This is so sad; the purpose of licensure is to provide an assurance to the public that the person to whom they are entrusting their mental health is not a charlatan.  Bad enough we already have “Coaches” counseling with people with no mental health training, now we will just eliminate the entire profession?  Word to legislature, managed care insurance companies will not work with unlicensed counselors, so unless you simply want to drive the practice of professional counseling out of the state, might want to rethink this bill.
  3. 5 John Seniff 30 Jan
    Training and education is highly important. Just being a coach or claiming knowledge is not good.
  4. 4 Donna Rose 08 Feb
    Holy cow!!!! Are you joking? This would be a complete disaster for mental health care consumers, one of the most vulnerable populations! What a ridiculous, horrible, idea. Wow.
  5. 3 L. Panepento 08 Feb
    It is my professional opinion we are splinters as a profession in a time of need for Counselors who are trained professionally though maybe at various different levels during these presenting difficult times.  Not only are many competent professional counselors not working due to red tape licensing (portability for example) but we have a world of hurting people and we have the skills to make the difference though we maybe at various professional levels.  

    Instead of banning out Professionally Trained Counselors it is my professional opinion something needs to be done to support a more effective national licensing process that makes Professional Counselors able to get licensed easier vs state-to-state portability hoops to jump landing nowhere.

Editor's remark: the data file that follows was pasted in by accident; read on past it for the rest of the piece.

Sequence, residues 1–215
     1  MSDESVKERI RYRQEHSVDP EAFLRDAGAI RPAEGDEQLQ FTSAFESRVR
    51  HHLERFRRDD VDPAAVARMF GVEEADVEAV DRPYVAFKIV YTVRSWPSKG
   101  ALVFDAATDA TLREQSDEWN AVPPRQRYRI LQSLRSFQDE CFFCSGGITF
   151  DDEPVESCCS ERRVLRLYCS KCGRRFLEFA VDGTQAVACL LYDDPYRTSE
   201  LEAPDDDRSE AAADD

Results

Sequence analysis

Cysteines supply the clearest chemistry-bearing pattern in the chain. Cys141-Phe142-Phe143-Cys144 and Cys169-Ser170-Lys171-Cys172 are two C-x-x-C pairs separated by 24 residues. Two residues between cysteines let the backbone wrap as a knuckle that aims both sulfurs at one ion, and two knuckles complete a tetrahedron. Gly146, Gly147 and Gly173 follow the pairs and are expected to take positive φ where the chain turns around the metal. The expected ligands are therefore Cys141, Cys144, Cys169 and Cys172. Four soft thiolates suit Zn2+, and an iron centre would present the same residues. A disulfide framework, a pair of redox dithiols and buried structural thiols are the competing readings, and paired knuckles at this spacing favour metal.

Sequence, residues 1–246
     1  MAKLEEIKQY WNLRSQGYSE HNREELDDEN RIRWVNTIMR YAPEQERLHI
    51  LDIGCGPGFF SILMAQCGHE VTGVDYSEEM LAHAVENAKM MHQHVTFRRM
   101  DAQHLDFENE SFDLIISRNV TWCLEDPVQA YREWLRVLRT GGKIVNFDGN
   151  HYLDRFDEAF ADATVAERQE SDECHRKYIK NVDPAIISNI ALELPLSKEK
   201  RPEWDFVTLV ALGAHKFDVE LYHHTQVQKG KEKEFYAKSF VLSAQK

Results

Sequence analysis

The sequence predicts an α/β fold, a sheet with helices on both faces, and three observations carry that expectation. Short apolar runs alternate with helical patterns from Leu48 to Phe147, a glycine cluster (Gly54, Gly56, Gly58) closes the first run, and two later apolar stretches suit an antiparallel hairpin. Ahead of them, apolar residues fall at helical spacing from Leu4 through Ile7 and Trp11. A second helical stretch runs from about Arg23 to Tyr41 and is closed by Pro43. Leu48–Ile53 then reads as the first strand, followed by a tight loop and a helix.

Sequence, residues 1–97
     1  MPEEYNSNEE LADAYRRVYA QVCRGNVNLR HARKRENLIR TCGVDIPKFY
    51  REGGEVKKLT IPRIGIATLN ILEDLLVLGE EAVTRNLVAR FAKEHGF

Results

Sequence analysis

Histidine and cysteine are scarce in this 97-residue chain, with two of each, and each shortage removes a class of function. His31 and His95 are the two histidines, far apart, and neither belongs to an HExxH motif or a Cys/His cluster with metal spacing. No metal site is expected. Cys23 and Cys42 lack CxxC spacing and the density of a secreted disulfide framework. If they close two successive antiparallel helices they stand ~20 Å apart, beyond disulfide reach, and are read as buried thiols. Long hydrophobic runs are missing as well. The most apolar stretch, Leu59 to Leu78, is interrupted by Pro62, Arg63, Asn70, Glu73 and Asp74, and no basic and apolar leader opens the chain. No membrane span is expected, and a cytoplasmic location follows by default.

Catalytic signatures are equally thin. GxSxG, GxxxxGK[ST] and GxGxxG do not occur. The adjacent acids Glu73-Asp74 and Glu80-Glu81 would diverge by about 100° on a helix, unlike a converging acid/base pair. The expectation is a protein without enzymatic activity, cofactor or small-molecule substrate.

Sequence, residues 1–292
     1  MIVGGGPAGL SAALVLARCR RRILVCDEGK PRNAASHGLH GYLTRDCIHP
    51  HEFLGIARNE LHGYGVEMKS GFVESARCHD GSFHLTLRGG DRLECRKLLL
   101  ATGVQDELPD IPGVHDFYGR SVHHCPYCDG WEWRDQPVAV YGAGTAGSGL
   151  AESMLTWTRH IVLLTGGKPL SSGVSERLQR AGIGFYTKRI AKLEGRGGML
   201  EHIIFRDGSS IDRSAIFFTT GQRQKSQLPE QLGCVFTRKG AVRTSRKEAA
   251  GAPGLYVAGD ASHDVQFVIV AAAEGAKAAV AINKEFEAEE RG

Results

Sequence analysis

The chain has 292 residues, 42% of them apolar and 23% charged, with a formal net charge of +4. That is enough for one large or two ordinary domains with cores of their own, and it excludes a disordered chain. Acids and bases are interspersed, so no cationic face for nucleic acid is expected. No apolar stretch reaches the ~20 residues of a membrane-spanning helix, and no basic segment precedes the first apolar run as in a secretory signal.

I am in favor of the bill FCC as well as well as the AZ House of Representatives came to the legislation table with.  We as professionals did not spend a couple/few years and thousands of dollars to be sitting on the bench.

    We need to show some "internal professional honor" for the profession by taking care of our own profession.  Taking care of our own Professional Counselors or Mental Health Counselors, becoming chameleon would look similar as to how MSW's take care of their own profession with five levels for licensing as follows: CMSW, ACSW, LMSW, LCSW, LCSW-R.  No one professionally trained is left out.  They can keep increasing their certifications up the ladder and still be able to practice at a capacity for what their certification or license allows them to.   We're living in a rapidly changing world of hurting people and we are walking around fragmented, hurting our own and broken instead of unified one level to the next level upward. 
  6. 2 Randi Herman-Roggeman 19 Feb
    Licensure is imperative to ensure that our community members experiencing mental, emotional, and behavioral health issues and conditions receive appropriate services from a qualified professional. 
  7. 1 Colleen Bardelli 21 Mar
    Any collaboration in New York state regarding Part Y of the Health and Mental Health Article VII limiting LMHC'S ability to diagnose and develop treatment plans?